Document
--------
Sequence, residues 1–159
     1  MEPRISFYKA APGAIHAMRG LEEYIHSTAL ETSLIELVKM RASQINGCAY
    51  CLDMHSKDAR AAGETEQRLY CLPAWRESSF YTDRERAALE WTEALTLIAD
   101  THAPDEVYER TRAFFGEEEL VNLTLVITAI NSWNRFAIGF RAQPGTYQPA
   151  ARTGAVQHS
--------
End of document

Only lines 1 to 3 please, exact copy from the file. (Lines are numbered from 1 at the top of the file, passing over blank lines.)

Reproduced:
Sequence, residues 1–159
     1  MEPRISFYKA APGAIHAMRG LEEYIHSTAL ETSLIELVKM RASQINGCAY
    51  CLDMHSKDAR AAGETEQRLY CLPAWRESSF YTDRERAALE WTEALTLIAD